If you’ve spent any time at a cocktail bar in recent years, you know that bartending can be an art form. There’s nothing quite like watching an experienced professional toss around a cocktail shaker or perfectly dilute your Martini with a strong stir. However, beyond simply being a visual medium, bartending is undoubtedly a scientific craft, and a number of bartenders new to the game can get things seriously wrong. To dig deeper into the most common rookie mistakes made by newbie mixologists, VinePair spoke with Greg Innocent, beverage director of Chicago’s Parker Restaurant Group, to learn more.

The most common rookie mistake according to Innocent? Incorrect scooping of bar ice. “I see this happen with bartenders and, honestly, with servers a lot — scooping up their ice with glass shakers or glass cups,” he says. “Glass should absolutely never enter the ice well.” Scooping ice directly with a cocktail shaker or a serving glass is not only unsanitary, as your hands are entering the same container storing things that will then be used in guests’ drinks, but you also run the risk of glass shattering while submerged in the ice. “If that glass breaks in the ice bin, you now have to burn all of that ice off, which sets service back significantly,” Innocent explains. “It’s really, really important that people are taking the time and proper care to distribute ice with the correct tools.”

Neglecting to use measurement tools is another rookie mistake with potentially disastrous implications. Innocent explains that measuring tools are vital primarily for consistency’s sake, but they’re also crucial for achieving balanced drinks. “There is nothing worse than walking into an establishment and ordering the same cocktail from two different bartenders and being met with a completely different drink each time.” Beyond consistency, Innocent says measuring tools are essential in ensuring a cocktail is balanced. Take, for example, the Espresso Martini. Many bartenders make dozens in a night, but an overconfident approach to the cocktail can lead to it being off balance and even unenjoyable for the consumer. “They’ll use too much sweetener or coffee liqueur, and you end up having a cocktail with a different balance every time it’s ordered,” Innocent says.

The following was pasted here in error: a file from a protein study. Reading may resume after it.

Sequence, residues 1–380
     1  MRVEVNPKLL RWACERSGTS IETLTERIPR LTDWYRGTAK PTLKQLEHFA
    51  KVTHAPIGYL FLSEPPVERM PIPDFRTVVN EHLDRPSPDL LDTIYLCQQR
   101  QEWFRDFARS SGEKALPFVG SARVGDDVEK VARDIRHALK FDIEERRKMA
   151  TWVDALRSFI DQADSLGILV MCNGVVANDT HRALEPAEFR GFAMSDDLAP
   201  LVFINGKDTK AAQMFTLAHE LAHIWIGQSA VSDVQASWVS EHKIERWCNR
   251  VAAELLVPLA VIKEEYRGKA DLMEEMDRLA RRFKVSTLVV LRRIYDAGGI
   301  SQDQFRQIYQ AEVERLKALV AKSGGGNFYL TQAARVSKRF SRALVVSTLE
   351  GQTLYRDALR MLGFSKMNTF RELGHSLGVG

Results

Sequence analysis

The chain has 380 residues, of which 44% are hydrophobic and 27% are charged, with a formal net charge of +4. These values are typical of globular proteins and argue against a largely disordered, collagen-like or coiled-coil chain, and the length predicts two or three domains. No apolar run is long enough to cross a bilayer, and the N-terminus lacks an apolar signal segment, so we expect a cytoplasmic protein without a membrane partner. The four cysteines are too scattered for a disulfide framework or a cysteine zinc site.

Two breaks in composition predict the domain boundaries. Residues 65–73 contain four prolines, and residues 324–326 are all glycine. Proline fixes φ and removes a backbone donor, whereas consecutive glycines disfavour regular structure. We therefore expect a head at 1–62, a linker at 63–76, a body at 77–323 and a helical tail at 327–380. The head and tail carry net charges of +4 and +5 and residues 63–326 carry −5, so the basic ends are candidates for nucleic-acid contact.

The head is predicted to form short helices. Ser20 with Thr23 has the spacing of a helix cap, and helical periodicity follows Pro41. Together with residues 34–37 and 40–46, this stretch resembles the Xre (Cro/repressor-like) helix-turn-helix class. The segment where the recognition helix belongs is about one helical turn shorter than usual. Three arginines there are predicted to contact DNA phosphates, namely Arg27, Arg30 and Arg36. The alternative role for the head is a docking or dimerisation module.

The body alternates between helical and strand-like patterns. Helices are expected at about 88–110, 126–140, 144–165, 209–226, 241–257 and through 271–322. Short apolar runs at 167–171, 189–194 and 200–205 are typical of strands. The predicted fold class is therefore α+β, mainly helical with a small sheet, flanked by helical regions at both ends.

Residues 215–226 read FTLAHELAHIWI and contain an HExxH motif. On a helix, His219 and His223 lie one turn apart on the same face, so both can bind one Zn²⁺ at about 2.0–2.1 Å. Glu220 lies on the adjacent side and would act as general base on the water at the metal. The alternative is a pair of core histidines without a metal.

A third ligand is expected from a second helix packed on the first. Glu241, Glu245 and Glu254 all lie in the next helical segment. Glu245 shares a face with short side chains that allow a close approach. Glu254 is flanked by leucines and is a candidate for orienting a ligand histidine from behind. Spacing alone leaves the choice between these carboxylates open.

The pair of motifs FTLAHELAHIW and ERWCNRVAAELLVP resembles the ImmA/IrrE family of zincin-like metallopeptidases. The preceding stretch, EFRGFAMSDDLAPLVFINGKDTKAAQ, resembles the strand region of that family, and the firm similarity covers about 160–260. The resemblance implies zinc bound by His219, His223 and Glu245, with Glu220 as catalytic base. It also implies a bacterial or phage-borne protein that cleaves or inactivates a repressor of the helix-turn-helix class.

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In addition to incorrectly scooping ice and neglecting measurement tools, shaking drinks toward the guest is an additional rookie mistake Innocent observes regularly. “Depending on how hard your shakes are, if that shaker comes out of your hands and slips, it can torpedo and be a complete disaster in your bar,” he says.

Beyond simple, easily adjustable practices, Innocent identifies one rookie mistake that may be a bit harder to correct: overconfidence. He explains that often, bartenders can have a false sense of confidence regarding their guests’ palates, preferring to make the drinks they themselves like rather than getting to know the preferences of the individual guest. “There is a necessary degree of engagement with your guests required for bartenders,” says Innocent, “and it would be a huge mistake on their part to not take the time to understand what the guest sitting in front of them actually wants simply because they think they know best.”

If you’re new to the profession and want to avoid such rookie mistakes, Innocent advises bartenders to put their pride aside. “Think of how you would like to be treated, or how you would like your mom to be treated if she were to walk into this bar,” he says. “You would want someone gentle; someone engaging.” Beyond that, the beverage director also suggests admitting when you don’t know something. “Being humble and having a bit of humility can help you so much,” he says. “Learn from your mistakes, and learn from your team.”